Director: James DeMonaco
Cast: Ethan Hawke, Lena Headey, Max Burkholder, Adelaide Kane, Edwin Hodge, Rhys Wakfield, Tony Oller
MPAA Rating: (for strong disturbing violence and some language)
Running Time: 1:25
Release Date: 6/7/13
Review by Mark Dujsik | June 7, 2013
Here's a premise rife with potential. In the near future of The Purge, the government, having been forced to come up with a solution to high crime and unemployment rates, sanctions a 12-hour period once a year during which almost all crime is allowed. It works, at least according to the statistics at the beginning of the movie. Throughout the rest of the year, crime is almost nonexistent, and so is unemployment.
The reason for the former seems to be the idea behind the Annual Purge—that human beings are violent by nature. Given the outlet to sate those urges once a year, it's enough to hold over the majority of the population.
The reason for low unemployment is the most devious result of the yearly event and one that gives the setup of the movie some real political bite. The Purge, you see, is not seen as some kind of wish fulfillment, where people can take what they need or do what they want without any repercussions, but is instead a violent form of social engineering.
It's survival of the fittest, where the fittest are those who can afford weapons or high-tech security systems that turn their homes into fortresses. It's also a way for those who perceive themselves as slighted by the existence of the homeless, the poor, and the unemployed—or, to use the parlance of some who subscribe to a certain political philosophy, the "takers"—to go out "hunting" to rid society of those who make it less "perfect."
It's a genocide, plain and simple, but one—as such horrific endeavors throughout history often are—dressed up in patriotic garb and made out to be perfectly ordinary (The movie's opening credits run over images of brutal murders set to the calming music of Claude Debussy). Participation, whether through active slaughter or passive support, is not an option but a "duty" in this United States in the year 2022.
Needless to say, it's a splendid setup, loaded with innate dread and moral outrage, but it's only the backdrop for what eventually becomes a conventional but well-executed thriller about a family under siege in their home from an external threat that will kill them if they're able to get inside. The only thing standing between the family and the agents of death is a moral quandary: Is protecting the life of a complete stranger—an innocent victim—worth risking the lives of oneself and one's family?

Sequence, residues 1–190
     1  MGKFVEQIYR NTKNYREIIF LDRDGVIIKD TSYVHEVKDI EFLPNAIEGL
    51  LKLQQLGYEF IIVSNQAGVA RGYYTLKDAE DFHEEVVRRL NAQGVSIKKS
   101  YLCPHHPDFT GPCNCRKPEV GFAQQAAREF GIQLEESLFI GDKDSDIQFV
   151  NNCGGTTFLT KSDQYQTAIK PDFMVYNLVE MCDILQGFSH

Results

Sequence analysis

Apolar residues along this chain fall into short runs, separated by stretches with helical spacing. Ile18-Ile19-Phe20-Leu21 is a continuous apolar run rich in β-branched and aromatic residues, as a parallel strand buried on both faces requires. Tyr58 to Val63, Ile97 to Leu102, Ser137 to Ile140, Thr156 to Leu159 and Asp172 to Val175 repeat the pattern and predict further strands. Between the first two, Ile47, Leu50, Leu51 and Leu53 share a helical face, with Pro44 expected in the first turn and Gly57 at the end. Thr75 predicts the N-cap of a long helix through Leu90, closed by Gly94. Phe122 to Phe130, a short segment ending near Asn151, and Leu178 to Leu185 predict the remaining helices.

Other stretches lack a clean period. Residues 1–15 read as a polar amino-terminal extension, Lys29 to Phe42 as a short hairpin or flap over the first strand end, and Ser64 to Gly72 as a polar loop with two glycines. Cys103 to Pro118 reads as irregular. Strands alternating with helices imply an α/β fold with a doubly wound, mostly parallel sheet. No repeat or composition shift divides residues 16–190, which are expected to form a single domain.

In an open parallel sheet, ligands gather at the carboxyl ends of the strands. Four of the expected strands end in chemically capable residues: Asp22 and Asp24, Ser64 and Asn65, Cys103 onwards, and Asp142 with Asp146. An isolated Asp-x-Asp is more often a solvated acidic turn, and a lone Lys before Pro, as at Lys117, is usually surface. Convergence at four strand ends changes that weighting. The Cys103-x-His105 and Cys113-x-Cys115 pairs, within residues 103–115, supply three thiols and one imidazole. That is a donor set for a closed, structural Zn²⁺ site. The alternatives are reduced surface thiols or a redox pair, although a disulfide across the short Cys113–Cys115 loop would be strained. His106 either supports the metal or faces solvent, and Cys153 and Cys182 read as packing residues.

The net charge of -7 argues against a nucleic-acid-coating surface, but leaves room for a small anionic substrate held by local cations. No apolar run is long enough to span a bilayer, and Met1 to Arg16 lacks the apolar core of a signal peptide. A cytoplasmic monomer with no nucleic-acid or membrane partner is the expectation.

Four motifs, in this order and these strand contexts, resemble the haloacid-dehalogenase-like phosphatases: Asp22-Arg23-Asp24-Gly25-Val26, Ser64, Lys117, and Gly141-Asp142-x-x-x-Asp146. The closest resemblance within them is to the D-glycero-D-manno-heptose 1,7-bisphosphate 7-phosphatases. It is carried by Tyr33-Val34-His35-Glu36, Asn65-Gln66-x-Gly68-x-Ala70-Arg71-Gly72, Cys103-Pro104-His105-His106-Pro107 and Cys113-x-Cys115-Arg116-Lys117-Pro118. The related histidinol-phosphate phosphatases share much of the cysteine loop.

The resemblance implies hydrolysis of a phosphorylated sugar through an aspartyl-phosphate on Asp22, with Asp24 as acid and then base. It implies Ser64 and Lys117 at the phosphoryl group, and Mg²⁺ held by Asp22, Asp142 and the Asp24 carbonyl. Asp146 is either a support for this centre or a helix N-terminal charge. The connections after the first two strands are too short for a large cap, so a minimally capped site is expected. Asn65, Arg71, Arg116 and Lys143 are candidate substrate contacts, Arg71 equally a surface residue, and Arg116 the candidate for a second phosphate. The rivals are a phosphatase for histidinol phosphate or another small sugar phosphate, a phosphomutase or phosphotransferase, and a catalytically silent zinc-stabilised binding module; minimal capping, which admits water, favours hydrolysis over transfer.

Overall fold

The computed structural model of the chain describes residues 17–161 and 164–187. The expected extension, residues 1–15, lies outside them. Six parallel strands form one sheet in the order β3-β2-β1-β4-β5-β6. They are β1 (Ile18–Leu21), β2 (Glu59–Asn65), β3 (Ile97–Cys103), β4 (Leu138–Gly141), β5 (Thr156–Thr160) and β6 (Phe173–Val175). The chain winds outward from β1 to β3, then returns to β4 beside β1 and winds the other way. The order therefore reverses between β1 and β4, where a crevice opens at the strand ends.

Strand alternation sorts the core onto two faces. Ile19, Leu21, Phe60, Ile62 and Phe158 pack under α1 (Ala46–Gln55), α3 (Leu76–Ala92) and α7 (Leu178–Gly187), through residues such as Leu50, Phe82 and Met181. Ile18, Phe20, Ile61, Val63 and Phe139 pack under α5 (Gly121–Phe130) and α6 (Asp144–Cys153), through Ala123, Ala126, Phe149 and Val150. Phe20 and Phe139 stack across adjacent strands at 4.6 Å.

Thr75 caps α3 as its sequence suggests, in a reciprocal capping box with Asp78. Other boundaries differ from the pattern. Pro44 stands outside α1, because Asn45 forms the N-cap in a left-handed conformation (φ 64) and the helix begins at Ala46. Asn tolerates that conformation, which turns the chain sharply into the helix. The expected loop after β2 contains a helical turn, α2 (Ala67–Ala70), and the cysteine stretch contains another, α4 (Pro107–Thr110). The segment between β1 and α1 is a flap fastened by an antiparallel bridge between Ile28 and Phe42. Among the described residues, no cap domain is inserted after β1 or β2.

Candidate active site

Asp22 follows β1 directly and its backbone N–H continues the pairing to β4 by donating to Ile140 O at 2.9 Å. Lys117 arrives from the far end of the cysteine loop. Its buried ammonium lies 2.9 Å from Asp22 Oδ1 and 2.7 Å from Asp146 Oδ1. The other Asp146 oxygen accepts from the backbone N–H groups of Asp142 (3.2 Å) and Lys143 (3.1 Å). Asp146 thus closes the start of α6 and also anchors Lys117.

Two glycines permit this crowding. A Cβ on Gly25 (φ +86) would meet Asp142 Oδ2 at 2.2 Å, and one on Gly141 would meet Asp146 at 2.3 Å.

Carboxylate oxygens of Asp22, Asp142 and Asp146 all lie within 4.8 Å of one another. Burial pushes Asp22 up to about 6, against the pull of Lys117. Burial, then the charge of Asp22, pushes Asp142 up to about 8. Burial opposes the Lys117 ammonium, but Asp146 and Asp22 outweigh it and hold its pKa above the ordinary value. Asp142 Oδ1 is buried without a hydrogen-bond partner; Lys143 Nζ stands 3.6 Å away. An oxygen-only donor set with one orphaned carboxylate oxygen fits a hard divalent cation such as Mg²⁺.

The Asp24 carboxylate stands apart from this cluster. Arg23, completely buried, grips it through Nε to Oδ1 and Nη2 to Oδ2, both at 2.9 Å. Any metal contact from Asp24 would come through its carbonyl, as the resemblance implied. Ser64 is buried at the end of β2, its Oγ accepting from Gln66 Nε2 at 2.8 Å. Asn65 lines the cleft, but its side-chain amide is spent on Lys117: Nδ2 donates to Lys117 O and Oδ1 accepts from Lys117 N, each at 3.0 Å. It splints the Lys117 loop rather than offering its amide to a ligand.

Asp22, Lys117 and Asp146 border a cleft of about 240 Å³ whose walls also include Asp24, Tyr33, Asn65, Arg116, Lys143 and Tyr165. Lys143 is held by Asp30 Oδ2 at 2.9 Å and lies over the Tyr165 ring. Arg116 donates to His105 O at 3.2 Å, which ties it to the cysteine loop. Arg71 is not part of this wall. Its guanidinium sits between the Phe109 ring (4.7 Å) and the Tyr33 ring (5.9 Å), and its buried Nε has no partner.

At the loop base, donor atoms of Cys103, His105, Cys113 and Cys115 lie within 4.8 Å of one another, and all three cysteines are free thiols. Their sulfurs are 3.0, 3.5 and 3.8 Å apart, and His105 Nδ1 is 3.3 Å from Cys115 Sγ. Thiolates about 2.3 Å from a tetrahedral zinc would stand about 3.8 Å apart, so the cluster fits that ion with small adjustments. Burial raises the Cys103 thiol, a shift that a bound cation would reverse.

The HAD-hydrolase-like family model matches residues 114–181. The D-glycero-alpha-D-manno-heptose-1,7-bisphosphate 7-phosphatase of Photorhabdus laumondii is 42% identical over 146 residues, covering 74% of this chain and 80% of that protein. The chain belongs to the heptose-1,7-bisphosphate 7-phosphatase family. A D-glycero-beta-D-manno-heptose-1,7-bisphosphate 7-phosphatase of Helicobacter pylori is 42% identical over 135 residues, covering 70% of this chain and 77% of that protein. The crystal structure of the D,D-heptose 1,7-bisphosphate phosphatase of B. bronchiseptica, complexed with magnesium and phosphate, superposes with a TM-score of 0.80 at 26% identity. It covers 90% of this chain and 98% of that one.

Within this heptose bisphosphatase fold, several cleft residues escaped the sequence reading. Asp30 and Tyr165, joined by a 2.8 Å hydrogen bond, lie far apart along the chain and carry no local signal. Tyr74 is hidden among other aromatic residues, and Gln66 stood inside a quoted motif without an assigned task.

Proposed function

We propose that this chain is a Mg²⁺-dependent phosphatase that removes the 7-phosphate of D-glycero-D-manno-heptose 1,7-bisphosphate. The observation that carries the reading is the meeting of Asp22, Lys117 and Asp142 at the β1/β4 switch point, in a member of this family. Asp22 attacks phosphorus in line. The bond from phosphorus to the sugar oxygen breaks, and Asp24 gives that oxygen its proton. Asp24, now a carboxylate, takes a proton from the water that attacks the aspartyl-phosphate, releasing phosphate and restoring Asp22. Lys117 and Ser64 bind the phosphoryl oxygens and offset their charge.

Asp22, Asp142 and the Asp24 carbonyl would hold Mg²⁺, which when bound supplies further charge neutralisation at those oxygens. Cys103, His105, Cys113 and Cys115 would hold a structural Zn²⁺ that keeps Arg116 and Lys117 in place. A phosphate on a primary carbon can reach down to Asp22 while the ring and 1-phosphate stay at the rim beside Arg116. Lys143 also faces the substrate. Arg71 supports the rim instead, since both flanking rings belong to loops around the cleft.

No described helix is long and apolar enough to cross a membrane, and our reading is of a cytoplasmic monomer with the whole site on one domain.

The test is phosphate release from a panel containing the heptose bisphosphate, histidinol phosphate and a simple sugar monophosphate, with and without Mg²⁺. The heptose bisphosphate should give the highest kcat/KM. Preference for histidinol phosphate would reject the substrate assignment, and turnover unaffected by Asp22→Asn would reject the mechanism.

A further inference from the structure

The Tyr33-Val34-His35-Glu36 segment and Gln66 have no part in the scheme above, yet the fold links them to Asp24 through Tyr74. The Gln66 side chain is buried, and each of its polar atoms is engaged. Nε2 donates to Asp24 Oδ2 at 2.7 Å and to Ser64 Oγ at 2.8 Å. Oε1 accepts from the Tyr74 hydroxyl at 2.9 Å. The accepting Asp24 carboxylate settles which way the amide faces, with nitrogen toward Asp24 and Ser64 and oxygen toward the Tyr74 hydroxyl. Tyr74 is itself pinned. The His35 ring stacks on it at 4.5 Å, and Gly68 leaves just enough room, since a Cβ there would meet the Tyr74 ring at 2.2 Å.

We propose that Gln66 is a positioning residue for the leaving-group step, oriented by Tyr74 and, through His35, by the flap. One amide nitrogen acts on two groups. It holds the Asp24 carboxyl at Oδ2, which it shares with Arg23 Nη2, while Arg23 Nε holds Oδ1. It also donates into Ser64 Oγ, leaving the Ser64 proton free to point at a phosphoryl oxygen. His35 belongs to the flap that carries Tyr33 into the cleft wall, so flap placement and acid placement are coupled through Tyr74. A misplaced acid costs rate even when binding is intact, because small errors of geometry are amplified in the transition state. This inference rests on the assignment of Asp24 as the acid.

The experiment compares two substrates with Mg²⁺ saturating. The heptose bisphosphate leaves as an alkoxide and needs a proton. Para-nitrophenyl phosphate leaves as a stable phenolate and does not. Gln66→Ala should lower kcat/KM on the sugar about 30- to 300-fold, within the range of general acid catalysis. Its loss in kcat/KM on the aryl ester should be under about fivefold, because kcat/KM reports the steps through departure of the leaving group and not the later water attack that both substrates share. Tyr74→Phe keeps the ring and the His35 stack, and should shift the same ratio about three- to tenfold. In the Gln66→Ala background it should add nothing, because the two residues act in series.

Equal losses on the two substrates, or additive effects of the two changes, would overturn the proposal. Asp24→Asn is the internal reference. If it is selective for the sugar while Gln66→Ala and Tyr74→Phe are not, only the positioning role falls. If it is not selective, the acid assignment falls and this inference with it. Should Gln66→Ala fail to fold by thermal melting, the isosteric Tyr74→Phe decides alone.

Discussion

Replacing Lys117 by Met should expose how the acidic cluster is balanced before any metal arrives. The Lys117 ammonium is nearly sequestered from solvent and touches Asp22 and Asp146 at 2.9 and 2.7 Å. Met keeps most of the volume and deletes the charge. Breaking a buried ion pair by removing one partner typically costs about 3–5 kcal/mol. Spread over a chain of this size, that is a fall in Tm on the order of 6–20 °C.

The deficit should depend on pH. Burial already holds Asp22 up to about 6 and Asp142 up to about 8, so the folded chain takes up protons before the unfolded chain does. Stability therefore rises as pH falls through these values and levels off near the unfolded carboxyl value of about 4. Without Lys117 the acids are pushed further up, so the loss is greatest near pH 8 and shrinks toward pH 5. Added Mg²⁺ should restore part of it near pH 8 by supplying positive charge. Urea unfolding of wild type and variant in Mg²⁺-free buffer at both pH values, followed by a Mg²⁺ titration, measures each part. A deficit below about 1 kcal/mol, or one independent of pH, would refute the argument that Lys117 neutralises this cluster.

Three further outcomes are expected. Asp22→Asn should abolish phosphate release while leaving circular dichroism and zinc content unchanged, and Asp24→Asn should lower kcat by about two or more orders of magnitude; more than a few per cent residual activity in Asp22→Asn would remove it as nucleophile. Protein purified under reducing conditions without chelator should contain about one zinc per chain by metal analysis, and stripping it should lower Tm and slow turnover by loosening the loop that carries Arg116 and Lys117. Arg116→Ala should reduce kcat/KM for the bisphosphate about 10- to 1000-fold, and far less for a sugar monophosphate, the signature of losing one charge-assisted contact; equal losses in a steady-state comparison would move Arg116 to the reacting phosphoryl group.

That's the dilemma that eventually faces the Sandin family. Patriarch James (Ethan Hawke) sells security systems and has sold them to just about everyone in his neighborhood, allowing him to add a new addition to the family home. His wife Mary (Lena Headey) gets the sour end of some passive-aggressive resentment from their neighbors for her family's good fortune on the neighborhood's dime. There's a nice touch in this bickering, which the movie does eventually expand upon; eventually in this worldview, everyone could be seen as a "taker."
Their daughter Zoey (Adelaide Kane) is rebellious. Their younger son Charlie (Max Burkholder) is driving a remote-controlled car with a creepy damaged baby doll on top and camera within it around the house.
Once the Purge begins and the family is locked inside their house, it becomes even more awkward. Zoey's boyfriend Henry (Tony Oller) has snuck into the house before lockdown to convince her father that he's good for her, and Charlie is eventually left alone with the controls to the security system, where he watches the exterior of the house on monitors.
An injured man (Edwin Hodge), yelling for help, appears on the monitors. Charlie, in an act of impromptu compassion, opens the metallic barricades for him. The mystery guest disappears inside the house, and a group of students from an elite school, led by a polite psychopath (Rhys Wakefield), comes looking for its prey. If the Sandins do not hand over the group's intended victim by the time the tools needed to break into the house arrive, they will kill everyone.
For James, the solution is clear: find the stranger, subdue him, and send him out to meet his fate. The rest of the family—especially Charlie, who tries to lead the man to the boy's hiding place (We never get a clear understanding of the geography of the house, which seems to have spaces appear just for the necessities of the hunt)—isn't entirely convinced. The broader context of the movie's backdrop, which does not exactly suit the restricted setting to which the story becomes relegated, is necessarily reduced to the very personal predicament facing the family. It's one thing to theorize about the need for the Purge, but when one of its victims is staring these supporters in the face, the system becomes harder to justify.Then the necessary confrontations arrive, and it becomes obvious that the concept for this dystopian future is only an excuse for a series of standoffs, shootouts, and fights. Writer/director James DeMonaco stages these encounters with visceral intimacy (An unexpected firefight that closes out the first act, for example, is all the more surprising for the close proximity of the two shooters), but by the time The Purge returns to its political underpinnings with a twisted reversal of fortune, the movie has ventured too far from its roots for the return to make an impact.
Copyright © 2013 by Mark Dujsik. All rights reserved.
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